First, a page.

Be kind to yourself Monday…

Are you looking at a long list of ‘to-dos’ today or maybe more accurately a list of ‘don’t want to-dos’ or ‘not enough time to-dos’? That’s pretty much where I am. If I am not careful I can soon switch into mean boss mode and start beating myself up for what I haven’t done or have done and failed at.

Recently I have been reflecting on a verse in Proverbs 11:17 which says that a person who is kind benefits themselves, but a person who is cruel harms themselves. It is easy to see that the world can never get too much kindness but it can also be easy to forget that when we are harsh to ourselves, we are also being unkind, or could we even say – cruel? Jesus says, “Come to me, all who labor and are heavy laden, and I will give you rest. Take my yoke upon you, and learn from me, for I am gentle and lowly in heart, and you will find rest for your souls. For my yoke is easy, and my burden is light.” Matthew 11:28

Be kind to yourself this Monday. Follow Gods gentle way and add a little something to your to do list that brings you joy and then it is so much easier to sprinkle kindness into all the lives around you too.

Be encouraged 🙂

For me it will be a big cup of tea and either crochet or drawing or reading a good book. What has God given you that brings you pleasure that you can add to your to-dos today?

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The joys of sharing a book…

 

I love to read and I read a lot. But the most pleasure I get from reading is to be able to share a book. Some of the most precious memories I have with my family are of us sharing books together.

We have recently been on holiday and we got an audio book of The Tale of Despereaux by Kate DiCamillo to listen to on the journey and we loved it. In the tale, stories are depicted as bringing light and hope. There are other themes of love, forgiveness, heroism and stories, which provided lots of material for us to talk about together. We learn so much from reading the Bible together, but stories we read often provide a living example of a character quality lived out that the children can relate to. For example, we know we must forgive, but in Despereaux we see forgiveness lived out in the lives of the characters and the transforming power it had in their narrative. We saw the truth that to forgive means healing for ourselves, as well as being the right thing to do.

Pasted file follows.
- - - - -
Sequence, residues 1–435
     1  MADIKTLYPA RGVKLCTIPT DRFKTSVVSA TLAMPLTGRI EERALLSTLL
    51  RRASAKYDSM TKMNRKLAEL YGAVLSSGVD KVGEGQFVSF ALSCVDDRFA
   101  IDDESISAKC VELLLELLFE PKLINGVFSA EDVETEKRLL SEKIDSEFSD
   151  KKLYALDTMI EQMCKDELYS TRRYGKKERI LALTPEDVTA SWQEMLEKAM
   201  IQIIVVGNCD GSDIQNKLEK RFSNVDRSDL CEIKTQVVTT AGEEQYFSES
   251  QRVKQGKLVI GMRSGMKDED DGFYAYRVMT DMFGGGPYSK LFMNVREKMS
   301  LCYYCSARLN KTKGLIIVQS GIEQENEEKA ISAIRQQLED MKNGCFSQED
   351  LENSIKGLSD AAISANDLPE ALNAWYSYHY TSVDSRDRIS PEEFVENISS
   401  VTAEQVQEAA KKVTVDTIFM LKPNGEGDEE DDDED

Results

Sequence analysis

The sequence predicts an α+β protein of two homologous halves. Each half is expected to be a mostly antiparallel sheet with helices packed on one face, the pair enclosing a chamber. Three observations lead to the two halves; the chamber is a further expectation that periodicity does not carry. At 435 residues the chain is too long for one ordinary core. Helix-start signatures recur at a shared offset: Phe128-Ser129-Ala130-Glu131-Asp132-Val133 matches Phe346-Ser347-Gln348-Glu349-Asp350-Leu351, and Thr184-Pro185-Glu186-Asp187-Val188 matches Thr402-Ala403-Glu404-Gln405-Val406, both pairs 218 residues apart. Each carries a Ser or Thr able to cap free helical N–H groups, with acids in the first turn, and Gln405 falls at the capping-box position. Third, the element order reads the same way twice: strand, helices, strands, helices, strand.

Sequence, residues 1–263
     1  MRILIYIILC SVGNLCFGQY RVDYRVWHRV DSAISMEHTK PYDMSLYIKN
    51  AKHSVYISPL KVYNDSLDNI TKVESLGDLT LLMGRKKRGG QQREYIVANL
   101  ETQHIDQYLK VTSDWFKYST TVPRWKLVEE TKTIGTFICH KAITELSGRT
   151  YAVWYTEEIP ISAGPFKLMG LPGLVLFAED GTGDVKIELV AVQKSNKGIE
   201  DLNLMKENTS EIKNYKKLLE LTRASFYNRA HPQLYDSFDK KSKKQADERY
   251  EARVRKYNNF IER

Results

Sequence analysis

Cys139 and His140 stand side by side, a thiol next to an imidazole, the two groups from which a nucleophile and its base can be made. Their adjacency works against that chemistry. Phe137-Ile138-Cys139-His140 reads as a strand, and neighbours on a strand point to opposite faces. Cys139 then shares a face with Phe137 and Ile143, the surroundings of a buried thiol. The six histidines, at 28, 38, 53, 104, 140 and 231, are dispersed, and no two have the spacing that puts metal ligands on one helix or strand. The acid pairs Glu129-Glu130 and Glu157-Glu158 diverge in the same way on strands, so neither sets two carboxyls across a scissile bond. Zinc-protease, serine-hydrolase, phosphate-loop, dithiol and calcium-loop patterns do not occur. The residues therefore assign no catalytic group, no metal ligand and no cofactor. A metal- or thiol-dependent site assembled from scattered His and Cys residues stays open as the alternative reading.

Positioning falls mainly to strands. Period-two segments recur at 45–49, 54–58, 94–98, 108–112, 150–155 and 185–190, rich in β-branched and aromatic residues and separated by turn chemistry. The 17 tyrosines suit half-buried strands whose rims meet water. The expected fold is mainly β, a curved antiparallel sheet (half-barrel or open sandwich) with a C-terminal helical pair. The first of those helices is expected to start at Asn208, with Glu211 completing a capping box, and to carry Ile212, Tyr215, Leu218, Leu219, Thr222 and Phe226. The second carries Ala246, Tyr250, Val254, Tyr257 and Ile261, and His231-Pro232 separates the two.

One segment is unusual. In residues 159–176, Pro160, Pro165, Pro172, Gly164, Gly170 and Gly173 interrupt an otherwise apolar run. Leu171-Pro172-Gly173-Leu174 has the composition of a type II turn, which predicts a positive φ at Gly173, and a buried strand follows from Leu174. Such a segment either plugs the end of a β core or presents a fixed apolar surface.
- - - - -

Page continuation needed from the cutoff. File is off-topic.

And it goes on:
However, on a basic level, it was a great story to enjoy together * and it reminds me of the quote that I use as a measure for our books we read together – “No book is really worth reading at the age of ten which is not equally – and often far more – worth reading at the age of fifty and beyond.”  C S Lewis. For me the key to wanting to read aloud with the children is finding books that we all enjoy.

I have shared before of my Isaiah principle and using the concept of small amounts of time to achieve goals. This year it has really borne fruit in being able to enjoy books together. I began by reading the Little House on the Prairie books with Miss N at bedtime and this quickly expanded to the younger children (Miss H nearly always chooses non-fiction – so far we have had a book on dinosaurs and currently we are reading a geography book, I love how different they all are, and Miss E the Peanuts cartoons or Batman stories, of course) I have even begun reading to my 11 year old Miss G this year and we have slowly made our way through Rosemary Sutcliffe’s Eagle of the Ninth. It’s not possible to read aloud with Miss Em who is not living with us at the moment – but the next best thing, we have both read Rebecca by Daphne DuMaurier at the same time, which has been a lot of fun. And if you are wondering, Mr T and I do share books together too. We will sit and listen to an audio book in the evening together, while I crochet and Mr T models.

I suppose I just wanted to remind you that it is a lot of fun to share a book. I have had so much joy this year sharing books with my family. Even though I don’t have lots of time, we have busy lives and there are 7 of us at home, just 5 or 10 minutes every night (well no-one does something every night, but aiming for every night helps it happen most of the time) we have managed to read a lot together and make some great memories. And #keepingitreal, our read-a-louds during the day often consist of children poking each other, noise at inappropriate times and interruptions to change nappies on occasion, but I just persevere and we do get there in the end. It was a lot better when I let go of my need for it all to be perfect and accepted ‘good enough’. A benefit of the evening reading is that it does tend to be a lot less interrupted.

Be encouraged – it is worth trying to find the time and persevering through interruptions etc. There is a lot of joy to be found in sharing a story together 🙂

* Nb some parts of The Tale of Despereaux were hard going in that nasty stuff happened. I would recommend pre-reading yourself to check that you are happy with it.

P.S. The featured image is from Pixabay – where many people kindly provide images for use in the public domain

And So I began to read – a book review…

 

I was extremely blessed this summer to be part of a secret sister book swap. If you get the chance, I’d highly recommend it. You get a name and address of someone that you secretly send a book to, and also someone gets given your name and address and sends you a book. I super love sending things secretly and as a surprise, so it is enjoyment enough getting to send a book to bless someone else, but it was very lovely to receive a book myself.